8.5 A non-consulting service provider is an individual or a company contracting to provide services other than consulting services (expert or strategic advice for decision-making) to another individual or business. Non-consulting services contracts (whether awarded to individuals or entities) are goods and services agreements and therefore subject to the this policy (refer to the list in Procedure 4-3, Appendix D).

8.6 Regardless of whether a contract is for consulting on non-consulting services, the agreement must be drafted by the authorized contract officer only.

8.7 Contracts and support documentation (e.g. quotations) must be attached to the request for a purchase order (WebReq) and submitted to Procurement Services.

8.8 It is strictly forbidden to contract and use operating budgets and/or research funds to hire registered lobbyists.

Procurement of consulting services

8.9 Regardless of the value of a consulting services agreement, a minimum of three (3) suppliers must be invited to submit quotations to ensure the agreement is at fair market value.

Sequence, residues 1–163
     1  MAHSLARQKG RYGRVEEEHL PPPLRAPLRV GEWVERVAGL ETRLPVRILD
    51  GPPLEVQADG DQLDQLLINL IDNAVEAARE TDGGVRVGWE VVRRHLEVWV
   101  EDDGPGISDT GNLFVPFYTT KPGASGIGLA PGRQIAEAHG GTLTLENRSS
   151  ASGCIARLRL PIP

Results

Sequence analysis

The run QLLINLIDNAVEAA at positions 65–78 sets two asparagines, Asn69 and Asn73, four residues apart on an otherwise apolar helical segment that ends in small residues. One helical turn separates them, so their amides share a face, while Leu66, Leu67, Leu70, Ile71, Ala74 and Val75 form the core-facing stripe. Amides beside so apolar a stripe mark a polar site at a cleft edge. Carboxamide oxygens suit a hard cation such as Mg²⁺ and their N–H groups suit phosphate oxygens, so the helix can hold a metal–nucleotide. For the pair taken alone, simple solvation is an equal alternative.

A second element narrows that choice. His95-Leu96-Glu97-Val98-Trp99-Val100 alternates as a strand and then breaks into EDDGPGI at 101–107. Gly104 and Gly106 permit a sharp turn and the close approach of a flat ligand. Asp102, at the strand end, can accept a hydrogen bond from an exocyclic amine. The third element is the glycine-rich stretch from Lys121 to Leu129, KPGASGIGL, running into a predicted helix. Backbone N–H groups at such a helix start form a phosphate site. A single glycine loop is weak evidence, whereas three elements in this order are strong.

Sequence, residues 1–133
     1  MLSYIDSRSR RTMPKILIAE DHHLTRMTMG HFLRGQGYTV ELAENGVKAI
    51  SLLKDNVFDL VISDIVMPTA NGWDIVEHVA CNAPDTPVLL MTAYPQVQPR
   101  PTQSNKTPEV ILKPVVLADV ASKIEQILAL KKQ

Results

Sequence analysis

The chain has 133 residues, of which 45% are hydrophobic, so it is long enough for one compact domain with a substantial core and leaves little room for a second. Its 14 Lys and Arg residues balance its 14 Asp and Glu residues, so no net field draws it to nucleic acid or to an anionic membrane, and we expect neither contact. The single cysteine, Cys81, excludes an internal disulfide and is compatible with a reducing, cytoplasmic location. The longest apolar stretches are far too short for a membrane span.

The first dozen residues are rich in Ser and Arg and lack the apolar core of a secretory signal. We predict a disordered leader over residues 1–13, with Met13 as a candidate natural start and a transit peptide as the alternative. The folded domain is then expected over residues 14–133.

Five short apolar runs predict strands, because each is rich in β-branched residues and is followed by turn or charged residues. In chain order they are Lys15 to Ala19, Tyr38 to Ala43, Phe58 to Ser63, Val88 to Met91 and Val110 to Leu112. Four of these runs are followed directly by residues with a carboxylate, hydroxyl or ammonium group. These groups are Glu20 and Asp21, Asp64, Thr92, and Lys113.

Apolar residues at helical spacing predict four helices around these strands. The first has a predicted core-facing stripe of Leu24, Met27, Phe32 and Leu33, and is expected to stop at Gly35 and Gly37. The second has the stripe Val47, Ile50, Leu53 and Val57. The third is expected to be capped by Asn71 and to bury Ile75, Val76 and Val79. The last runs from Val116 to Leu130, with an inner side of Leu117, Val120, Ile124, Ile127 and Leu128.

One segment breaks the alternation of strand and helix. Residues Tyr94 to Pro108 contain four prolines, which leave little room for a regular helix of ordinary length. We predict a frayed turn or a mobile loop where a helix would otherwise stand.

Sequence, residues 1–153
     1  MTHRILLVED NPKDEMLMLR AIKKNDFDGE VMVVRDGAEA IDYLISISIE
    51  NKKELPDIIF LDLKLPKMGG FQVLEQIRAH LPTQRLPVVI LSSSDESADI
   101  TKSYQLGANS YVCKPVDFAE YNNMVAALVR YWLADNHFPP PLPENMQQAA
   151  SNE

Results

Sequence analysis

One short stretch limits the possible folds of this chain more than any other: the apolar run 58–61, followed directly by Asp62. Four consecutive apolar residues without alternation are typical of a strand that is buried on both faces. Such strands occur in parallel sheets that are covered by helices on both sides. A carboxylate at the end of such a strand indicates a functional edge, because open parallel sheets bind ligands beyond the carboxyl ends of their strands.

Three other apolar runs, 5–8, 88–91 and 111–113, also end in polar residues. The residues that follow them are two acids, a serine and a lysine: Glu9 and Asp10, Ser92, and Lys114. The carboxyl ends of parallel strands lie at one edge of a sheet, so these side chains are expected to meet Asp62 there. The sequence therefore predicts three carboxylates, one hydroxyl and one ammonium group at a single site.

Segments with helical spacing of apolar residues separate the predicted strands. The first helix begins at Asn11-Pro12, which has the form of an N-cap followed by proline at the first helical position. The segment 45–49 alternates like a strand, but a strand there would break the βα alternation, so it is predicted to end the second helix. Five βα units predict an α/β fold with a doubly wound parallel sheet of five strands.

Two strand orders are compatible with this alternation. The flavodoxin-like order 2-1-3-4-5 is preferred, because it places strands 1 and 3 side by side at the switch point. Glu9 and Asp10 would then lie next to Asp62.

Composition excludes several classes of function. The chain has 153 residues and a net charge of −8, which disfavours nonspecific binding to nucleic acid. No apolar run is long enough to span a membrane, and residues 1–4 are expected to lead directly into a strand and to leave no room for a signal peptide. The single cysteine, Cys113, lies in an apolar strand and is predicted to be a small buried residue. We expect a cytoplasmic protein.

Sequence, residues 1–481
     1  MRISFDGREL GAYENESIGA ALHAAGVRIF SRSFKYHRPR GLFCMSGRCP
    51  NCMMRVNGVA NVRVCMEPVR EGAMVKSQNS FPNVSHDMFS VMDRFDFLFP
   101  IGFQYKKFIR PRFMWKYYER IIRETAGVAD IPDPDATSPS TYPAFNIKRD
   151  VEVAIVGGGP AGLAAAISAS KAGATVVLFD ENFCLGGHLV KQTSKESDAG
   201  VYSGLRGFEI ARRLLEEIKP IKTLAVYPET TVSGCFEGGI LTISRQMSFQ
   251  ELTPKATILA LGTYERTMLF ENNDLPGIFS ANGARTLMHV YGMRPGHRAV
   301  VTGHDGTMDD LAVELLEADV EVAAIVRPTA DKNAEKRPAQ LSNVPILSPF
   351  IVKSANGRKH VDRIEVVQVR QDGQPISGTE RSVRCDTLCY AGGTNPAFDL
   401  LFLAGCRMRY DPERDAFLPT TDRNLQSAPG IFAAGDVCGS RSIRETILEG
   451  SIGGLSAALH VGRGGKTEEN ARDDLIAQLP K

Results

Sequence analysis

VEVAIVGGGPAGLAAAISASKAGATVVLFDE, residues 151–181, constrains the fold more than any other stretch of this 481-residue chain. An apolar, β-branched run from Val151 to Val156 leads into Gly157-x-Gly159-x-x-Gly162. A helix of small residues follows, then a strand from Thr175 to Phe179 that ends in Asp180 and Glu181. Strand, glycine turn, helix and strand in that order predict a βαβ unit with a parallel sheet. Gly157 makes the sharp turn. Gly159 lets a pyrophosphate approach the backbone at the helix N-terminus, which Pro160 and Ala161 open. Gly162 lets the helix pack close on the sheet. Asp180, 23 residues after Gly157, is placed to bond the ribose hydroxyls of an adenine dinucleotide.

8.10 If only one supplier is solicited, the following signatures are required: 



$0 - $1,000,000



Board of Governors

8.11 To contract consulting services from a sole supplier, the supplier in question must have a professional designation as described in the exceptions of the Agreement on Internal Trade (AIT) (refer to Procedure 4-3, Appendix G, Exceptions of the Agreement on Internal Trade (AIT)).

Procurement of non-consulting services

8.12 Contracts for the procurement of non-consulting services require the same signatures, number of quotations and processes as those for the procurement of goods (refer to article 7.1 for the number of written quotations required, and article 9, Authority’s Approval Schedule, for details on the processes required and the instruments used).